Fragment of a Grinding Bowl
|Place of production||Thebes, Egypt|
|Date||the first part of the 10th century|
|Object type||tomb equipment|
|Medium, technique||Wood, paint, varnished with resin|
189 x 52 x 56 cm (at bottom) (74 7/16 x 20 1/2 x 22 1/16 in.)
|On view||Museum of Fine Arts, Basement Floor, Ancient Egypt, Funerary beliefs|
The colour scheme of the coffin decoration is polychrome on a yellow background. The decorative wig is adorned by a vulture headdress representing the protective goddess Nekhbet. The wesekh-collar covers the entire upper body to the line of the hip. The hands, resting on the chest, are opened with palms turn downwards. Below the collar, the decoration field is divided into two pictorial bands to the line of the knees in which offering scenes can be seen with the central figure of Osiris. The sun disc on his head is a clear iconographical allusion to the identification of the funerary god with the nocturnal form of the sun god. The pictorial fields below the knees, however, follow a different pattern: the horizontal division is replaced by a vertical scheme. The offering scenes placed in three columns are divided by hieroglyphic bands. Both sides of the coffin case are covered by inscriptions aligned in columns which are broken by a single scene panel with the motif of the “cow goddess coming out from the mountain” at the end of the left side. The scene catches the moment when the goddess Hathor, as a cow, emerges from the western mountain, i.e. the entrance of the netherworld, in order to welcome the deceased there. The inner surface with yellow background is richly decorated. At the top of the head there is a frequently appearing motif, the ba-bird, which stands with outstretched wings and legs representing one of the spiritual aspects of the deceased. On both sides, mummified otherworldly figures line up in groups, each consisting of three members.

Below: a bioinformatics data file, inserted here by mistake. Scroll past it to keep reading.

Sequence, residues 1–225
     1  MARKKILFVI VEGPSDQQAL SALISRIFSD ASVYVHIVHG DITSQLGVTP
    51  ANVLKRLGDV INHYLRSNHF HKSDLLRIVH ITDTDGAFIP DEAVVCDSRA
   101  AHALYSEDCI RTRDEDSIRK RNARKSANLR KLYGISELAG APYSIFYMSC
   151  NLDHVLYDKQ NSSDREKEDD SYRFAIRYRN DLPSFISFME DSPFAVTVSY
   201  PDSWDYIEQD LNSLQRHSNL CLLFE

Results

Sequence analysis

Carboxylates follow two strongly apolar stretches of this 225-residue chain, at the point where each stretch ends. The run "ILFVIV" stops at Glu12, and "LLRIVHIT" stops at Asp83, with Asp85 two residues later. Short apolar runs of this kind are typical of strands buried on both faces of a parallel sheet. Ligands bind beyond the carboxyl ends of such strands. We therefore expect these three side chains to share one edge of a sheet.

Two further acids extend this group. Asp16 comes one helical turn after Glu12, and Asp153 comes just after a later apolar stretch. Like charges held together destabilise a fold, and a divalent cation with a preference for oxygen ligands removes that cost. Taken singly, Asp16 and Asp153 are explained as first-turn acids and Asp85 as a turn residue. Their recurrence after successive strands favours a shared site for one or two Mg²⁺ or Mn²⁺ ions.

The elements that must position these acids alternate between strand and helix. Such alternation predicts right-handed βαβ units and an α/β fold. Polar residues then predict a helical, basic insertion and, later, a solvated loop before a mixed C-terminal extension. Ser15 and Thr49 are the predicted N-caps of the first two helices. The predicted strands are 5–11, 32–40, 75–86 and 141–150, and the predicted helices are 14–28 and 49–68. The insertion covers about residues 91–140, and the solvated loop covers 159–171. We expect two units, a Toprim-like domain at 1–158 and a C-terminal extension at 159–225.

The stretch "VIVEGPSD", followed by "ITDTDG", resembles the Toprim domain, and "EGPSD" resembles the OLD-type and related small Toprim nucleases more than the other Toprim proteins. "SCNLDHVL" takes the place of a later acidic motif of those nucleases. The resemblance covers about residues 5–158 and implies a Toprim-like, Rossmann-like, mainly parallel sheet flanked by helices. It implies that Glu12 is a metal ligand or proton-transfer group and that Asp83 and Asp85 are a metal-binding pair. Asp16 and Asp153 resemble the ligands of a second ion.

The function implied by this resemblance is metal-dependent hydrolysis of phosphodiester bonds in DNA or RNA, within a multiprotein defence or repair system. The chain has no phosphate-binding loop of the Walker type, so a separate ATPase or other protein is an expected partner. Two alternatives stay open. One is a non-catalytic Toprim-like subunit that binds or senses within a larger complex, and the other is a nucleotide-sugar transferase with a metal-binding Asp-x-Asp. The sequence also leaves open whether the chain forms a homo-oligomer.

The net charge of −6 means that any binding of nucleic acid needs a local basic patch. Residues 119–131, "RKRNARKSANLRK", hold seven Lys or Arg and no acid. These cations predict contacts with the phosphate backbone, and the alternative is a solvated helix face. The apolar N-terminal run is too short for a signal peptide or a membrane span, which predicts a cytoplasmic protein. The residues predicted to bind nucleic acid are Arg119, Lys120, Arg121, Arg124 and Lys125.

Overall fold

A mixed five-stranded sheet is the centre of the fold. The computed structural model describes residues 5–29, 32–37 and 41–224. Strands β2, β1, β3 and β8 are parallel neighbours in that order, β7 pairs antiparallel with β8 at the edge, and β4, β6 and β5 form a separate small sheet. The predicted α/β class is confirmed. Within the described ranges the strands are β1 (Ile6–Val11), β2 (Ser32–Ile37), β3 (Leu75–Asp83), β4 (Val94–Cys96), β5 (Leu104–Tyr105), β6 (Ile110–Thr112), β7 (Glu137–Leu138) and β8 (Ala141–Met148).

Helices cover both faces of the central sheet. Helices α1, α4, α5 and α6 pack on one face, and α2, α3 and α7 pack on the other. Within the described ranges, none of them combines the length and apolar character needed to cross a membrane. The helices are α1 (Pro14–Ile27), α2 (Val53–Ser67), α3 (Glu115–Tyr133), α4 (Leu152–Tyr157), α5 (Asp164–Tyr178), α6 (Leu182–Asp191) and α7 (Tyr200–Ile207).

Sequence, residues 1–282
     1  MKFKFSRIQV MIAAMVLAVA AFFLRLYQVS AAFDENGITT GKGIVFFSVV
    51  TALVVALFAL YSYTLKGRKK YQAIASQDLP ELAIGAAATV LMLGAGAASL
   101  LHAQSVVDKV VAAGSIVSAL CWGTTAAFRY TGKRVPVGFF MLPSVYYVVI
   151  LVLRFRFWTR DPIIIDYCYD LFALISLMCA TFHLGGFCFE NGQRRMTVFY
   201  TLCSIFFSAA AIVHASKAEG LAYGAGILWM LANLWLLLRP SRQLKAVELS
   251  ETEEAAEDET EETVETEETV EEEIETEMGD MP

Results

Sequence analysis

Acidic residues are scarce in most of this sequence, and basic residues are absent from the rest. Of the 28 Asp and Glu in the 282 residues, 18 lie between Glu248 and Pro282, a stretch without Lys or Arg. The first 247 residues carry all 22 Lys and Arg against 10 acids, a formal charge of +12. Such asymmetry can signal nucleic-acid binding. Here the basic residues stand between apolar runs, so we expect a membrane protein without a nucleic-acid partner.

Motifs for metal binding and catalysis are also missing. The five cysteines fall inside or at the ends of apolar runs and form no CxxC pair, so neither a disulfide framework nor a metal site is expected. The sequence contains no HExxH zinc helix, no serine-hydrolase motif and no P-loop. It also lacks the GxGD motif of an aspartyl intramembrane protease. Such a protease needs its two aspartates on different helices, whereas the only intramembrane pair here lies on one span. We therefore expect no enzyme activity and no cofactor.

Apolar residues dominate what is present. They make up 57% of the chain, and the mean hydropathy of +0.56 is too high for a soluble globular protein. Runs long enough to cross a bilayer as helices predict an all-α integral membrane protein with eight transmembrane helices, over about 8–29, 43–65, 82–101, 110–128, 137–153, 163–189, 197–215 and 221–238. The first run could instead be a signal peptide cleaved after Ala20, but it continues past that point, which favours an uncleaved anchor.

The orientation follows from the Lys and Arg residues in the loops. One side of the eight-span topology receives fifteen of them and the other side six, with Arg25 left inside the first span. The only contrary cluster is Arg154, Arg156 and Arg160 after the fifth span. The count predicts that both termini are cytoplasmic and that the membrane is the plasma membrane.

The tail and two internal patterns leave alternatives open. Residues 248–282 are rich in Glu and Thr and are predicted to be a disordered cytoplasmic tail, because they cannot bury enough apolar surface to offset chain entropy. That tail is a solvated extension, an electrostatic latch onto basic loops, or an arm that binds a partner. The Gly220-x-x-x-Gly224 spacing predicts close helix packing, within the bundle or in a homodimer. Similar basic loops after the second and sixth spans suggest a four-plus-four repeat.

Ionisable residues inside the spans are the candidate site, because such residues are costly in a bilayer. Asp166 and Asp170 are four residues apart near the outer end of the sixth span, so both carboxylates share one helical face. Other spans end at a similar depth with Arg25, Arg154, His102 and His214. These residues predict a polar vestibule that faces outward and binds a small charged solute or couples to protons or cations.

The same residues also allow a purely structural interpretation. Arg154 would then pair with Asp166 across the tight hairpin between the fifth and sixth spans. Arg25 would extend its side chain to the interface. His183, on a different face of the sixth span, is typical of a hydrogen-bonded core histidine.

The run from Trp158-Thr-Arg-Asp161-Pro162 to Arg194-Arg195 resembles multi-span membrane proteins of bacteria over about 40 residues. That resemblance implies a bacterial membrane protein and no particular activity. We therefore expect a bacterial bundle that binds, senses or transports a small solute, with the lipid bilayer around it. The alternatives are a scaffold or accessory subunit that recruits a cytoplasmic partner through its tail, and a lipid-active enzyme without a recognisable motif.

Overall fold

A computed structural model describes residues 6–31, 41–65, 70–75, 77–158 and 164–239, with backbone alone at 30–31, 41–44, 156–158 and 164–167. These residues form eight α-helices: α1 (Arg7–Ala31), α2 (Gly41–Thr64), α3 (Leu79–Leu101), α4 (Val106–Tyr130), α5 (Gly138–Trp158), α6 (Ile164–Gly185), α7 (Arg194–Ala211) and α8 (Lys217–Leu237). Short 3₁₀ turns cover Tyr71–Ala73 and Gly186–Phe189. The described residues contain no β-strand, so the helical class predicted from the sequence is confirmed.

This record is subject to revision due to ongoing research.